Douglas Hallward-driemeier: --Well, Your Honor, I -- I think that it is more likely as -- as the development and progress of the clause reflects, that Congress was focused on what does the government know and what does the disclosure show about the whether the government is already or is likely to focus on the fraud.
Justice Antonin Scalia: Is the Justice Department seeking to get this -- this piece of -- of statutory text clarified?
I mean, you do have some operation over there that proposes to Congress amendments of those provisions that are not working out well.
Is there -- is there any effort to get this clarified?
Douglas Hallward-driemeier: There -- I -- there are currently under consideration bills or, and as I understand it, they are not, there are other bills that are in contemplation that would revise the language of the statute, but -- but would not necessarily focus on this.
There are a number of other issues connected--
Justice Antonin Scalia: Could it make it worse?
Douglas Hallward-driemeier: --I -- I don't know.
But of course--
Justice Ruth Bader Ginsburg: I think the question was has the Department of Justice, recognizing that there's a circuit split this very question recommended that Congress amend the statute in this particular--
Douglas Hallward-driemeier: --I -- I don't believe that as of yet the department has taken a specific position on -- on the legislation that is contemplated in this particular ambiguity.
Justice Stephen G. Breyer: --There is one ambiguity whether this clause, the first -- what we call first and second refers to State as well as Federal.
If the debate took place in a context where everyone's just thinking of Federal, it's not surprising they didn't put in the word Federal.
They don't think of everything.
Now, that's my question.
You started with the House.
The House to me does think just of Federal.
The Senate's ambiguous on that point--
Douglas Hallward-driemeier: The Senate--
Justice Stephen G. Breyer: --and the conference is yet more ambiguous on that point.
So is there anything -- when I look at the conference and the Senate versions, I'm going to say, gee, they did -- sorry, they did actually think of Federal and State, too, and it's sort of mixed up?
Or am I going to see that that context there is Federal?
Douglas Hallward-driemeier: --The context is -- is Federal.
References to States in connection with the act that Congress has thought about it are treating States like other private qui tam relators.
They Petitioner referred to the Dean case, and, in fact, that was something that the -- the legislative history refers to, but what was offensive about the decision in the Dean case was that Wisconsin had been the original source of the information, but had been barred because it had provided that information to the government.
And, under the government knowledge bar, they had been precluded, so -- so Wisconsin would have been taken care of under the original source provision, but it doesn't reflect a view that States have a particular distinctive role.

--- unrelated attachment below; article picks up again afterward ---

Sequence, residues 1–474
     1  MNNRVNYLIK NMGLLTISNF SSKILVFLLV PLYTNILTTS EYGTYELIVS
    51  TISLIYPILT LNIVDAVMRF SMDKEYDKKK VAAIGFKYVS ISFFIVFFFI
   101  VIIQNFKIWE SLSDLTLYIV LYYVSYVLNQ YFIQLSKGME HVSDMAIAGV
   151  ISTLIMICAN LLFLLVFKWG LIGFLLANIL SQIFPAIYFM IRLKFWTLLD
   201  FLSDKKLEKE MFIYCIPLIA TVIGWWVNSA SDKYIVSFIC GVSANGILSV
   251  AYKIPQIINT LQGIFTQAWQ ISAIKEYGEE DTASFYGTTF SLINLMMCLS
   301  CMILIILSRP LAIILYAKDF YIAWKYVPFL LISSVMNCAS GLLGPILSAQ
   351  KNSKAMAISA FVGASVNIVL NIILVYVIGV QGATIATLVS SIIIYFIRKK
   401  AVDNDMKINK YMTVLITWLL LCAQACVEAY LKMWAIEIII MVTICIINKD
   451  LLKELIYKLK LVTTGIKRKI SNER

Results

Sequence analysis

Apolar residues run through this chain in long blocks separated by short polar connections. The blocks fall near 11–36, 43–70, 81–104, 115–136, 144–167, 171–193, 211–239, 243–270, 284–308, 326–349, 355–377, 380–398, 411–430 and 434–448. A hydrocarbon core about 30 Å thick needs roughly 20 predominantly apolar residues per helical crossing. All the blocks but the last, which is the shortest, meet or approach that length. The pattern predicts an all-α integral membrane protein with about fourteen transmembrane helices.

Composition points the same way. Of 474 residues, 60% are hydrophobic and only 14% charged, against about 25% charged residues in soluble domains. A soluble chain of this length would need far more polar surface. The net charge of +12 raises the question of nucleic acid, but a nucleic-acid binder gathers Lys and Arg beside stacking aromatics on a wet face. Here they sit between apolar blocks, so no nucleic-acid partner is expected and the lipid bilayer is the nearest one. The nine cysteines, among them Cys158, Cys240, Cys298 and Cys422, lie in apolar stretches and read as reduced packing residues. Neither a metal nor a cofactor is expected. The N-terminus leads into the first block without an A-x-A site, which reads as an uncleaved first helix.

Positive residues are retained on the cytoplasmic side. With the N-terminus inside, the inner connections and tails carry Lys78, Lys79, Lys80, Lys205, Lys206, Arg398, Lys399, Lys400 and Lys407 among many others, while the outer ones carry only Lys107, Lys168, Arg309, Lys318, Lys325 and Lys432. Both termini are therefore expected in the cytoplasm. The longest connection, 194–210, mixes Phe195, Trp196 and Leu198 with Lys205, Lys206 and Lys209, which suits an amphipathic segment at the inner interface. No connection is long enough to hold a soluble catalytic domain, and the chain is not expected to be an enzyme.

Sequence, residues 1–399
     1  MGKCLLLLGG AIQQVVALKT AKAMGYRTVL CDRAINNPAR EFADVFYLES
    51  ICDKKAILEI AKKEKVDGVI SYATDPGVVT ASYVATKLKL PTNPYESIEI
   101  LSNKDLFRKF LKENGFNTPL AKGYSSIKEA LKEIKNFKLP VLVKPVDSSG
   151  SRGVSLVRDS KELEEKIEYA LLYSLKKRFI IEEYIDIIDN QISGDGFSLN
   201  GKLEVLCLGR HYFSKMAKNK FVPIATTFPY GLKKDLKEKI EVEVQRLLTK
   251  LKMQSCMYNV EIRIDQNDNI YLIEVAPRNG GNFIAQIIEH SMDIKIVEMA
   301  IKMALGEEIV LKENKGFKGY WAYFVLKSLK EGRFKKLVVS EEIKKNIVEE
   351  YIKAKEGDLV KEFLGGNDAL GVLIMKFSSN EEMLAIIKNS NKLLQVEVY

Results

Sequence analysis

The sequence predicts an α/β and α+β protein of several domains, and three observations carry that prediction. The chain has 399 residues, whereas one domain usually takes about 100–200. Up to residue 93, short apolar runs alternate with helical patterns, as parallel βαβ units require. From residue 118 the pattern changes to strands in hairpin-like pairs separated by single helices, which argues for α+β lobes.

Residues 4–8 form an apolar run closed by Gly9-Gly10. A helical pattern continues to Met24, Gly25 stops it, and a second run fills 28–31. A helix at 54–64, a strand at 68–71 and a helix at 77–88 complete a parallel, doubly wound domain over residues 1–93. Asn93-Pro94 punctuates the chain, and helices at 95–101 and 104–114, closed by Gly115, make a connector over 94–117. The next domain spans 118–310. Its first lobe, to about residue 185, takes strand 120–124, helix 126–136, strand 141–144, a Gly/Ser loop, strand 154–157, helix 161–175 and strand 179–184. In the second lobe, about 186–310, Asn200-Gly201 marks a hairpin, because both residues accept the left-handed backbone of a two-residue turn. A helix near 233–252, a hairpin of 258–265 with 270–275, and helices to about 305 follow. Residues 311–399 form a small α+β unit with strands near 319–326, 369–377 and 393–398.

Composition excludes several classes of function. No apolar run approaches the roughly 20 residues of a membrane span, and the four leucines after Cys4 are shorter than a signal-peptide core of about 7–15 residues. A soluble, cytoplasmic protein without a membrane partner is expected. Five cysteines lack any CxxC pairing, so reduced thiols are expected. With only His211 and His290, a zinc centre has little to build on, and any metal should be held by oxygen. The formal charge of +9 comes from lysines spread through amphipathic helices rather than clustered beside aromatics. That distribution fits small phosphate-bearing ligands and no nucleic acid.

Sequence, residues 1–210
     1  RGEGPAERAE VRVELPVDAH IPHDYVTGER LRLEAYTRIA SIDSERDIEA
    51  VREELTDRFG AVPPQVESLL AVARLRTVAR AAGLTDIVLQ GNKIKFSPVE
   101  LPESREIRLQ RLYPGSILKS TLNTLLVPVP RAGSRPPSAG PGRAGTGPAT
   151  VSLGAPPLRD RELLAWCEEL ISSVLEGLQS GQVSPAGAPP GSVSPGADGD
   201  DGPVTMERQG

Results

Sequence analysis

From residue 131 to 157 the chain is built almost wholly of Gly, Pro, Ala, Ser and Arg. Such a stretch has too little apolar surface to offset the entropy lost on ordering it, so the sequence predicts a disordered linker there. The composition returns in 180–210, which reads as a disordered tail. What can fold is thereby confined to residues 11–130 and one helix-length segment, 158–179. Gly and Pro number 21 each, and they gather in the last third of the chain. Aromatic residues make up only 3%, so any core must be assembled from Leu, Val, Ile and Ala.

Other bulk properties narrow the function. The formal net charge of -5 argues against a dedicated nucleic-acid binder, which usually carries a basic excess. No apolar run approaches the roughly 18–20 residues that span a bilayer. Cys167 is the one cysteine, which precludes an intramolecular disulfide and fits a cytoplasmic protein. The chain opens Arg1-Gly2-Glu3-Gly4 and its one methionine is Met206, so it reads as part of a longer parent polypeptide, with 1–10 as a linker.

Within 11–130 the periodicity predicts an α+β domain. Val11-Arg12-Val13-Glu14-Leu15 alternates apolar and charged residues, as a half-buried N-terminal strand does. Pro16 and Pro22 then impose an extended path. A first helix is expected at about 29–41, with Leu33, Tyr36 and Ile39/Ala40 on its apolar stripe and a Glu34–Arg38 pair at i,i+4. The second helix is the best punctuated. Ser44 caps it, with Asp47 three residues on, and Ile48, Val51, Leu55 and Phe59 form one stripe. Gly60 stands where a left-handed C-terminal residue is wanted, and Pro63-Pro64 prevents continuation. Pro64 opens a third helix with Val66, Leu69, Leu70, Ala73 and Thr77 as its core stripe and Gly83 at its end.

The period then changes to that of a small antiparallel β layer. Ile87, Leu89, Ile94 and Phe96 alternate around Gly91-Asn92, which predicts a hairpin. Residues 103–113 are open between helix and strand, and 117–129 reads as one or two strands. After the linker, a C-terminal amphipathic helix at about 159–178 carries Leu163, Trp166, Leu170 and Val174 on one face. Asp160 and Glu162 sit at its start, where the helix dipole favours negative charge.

In fact, as this Court's decision in Cook County reflects, municipalities are treated just like any private corporation for purposes of the act.
They can be defendants, they could be plaintiffs, qui tam relators, but there is no reason to construe the statute in a way that would allow a local government, technically, to shield itself from qui tam suits by disclosing the facts that would be the underlying information support of the fraud claim in, perhaps, a report that was intended to -- to whitewash the situation--
Justice Ruth Bader Ginsburg: --Do you think that the -- when a -- when State employees want to immunize themselves from fraud, they are going to say, okay, we will disclose it where anybody -- a prosecutor could pick it up, but we will take care of the qui tam obligation.
Douglas Hallward-driemeier: --Well, Your Honor, I think it's important to note that, in order to be a public disclosure -- the second category at the very least -- all that needs to have happened is that information be disclosed to -- to one additional person.
That -- and that makes a lot of sense when we are talking about disclosures of the government -- Federal government's own reports because, if the Federal government is already investigating and pursuing the fraud, one other person that finds out about it and then files a qui tam action on the basis of the government's own effort is precisely the situation that Congress sought to preclude.
But it doesn't make any senses when we are talking about a disclosure to an individual by a State or local--
Justice Ruth Bader Ginsburg: But there's lots of disclosures -- there's lots of disclosures in Federal reports that the government isn't pursuing.
Douglas Hallward-driemeier: --Well, we think that the -- the disclosures -- the allegations in the types of reports, audits, investigations, that are referenced in the clause are the type that would evidence that the government is pursuing them.
And -- but where a State -- perhaps a local school board discloses facts that might give rise to an allegation of fraud in a hearing where there was only one or two members of the public in attendance, there is no reason to think that that information is going to be brought to the Federal government's attention.
The purpose of the bar is to balance -- Congress was seeking to balance two rules.
One is to encourage qui tam relators to bring information and bring suit where the information was unlikely to be something that the government -- Federal government was focusing on.
Where the Federal government was able to protect itself and bring this suit on its own, then there's no reason for the Federal government to have to share its recovery.
Justice Sonia Sotomayor: But why can't it -- why can't it protect itself if these reports are in its possession?